Achieved something approaching cult hero status for scuffing up the penalty spot before Iceland’s late miss in September, though will hope that is not remembered as the pinnacle of his international career. His ability from set-pieces is a useful trait to have at a tournament.
Debuted against Denmark in September. Whether Phillips is trusted to be England’s deepest-lying midfielder at the Euros will depend on how he manages the step up from the Championship to the Premier League. His profile is one the squad desperately lacks.
Coady received his first, long-awaited call-up for September’s camp and has retained his place. The Wolves captain is more suited to a three-man defence rather than Southgate’s usual four and a switch in formation – for Coady’s debut against Denmark – did not pay off.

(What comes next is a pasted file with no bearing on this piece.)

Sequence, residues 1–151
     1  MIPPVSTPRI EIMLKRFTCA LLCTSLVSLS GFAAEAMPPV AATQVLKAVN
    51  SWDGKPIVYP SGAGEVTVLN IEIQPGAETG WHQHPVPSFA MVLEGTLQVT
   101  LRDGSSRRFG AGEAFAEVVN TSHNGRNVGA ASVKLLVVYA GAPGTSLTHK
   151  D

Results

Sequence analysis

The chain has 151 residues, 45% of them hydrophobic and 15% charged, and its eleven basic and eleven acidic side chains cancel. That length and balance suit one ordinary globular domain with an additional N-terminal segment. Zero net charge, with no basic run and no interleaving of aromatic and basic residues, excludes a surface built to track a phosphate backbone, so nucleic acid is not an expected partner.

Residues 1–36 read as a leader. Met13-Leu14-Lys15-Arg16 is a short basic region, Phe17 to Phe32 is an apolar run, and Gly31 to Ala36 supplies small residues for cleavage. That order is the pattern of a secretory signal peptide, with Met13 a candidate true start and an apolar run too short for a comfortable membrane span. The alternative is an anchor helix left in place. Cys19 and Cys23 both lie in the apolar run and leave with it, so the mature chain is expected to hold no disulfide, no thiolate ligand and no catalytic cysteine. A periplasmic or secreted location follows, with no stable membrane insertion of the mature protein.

Still uncapped despite entering his third season of Premier League football at Leicester City, Maddison is similar to Grealish in that he is yet to fully win Southgate’s trust. England’s lack of a No 10 role also appears to count against the 23-year-old.
A regular England squad member this time last year, Barkley gradually fell out of favour under Frank Lampard and now finds himself on loan at Aston Villa. As with Maddison, Southgate said he was not considered for this camp due to a lack of match fitness.
Another player on the fringes under Lampard, whose international prospects have been damaged as a result. Hudson-Odoi’s pathway to regular minutes is unclear, given all the competition in attack at Stamford Bridge.
All of Wilson’s four caps have come under Southgate but he was overlooked for these internationals, despite a fast start to life at Newcastle. With Calvert-Lewin and Ings in form too, it may prove difficult to win his place back.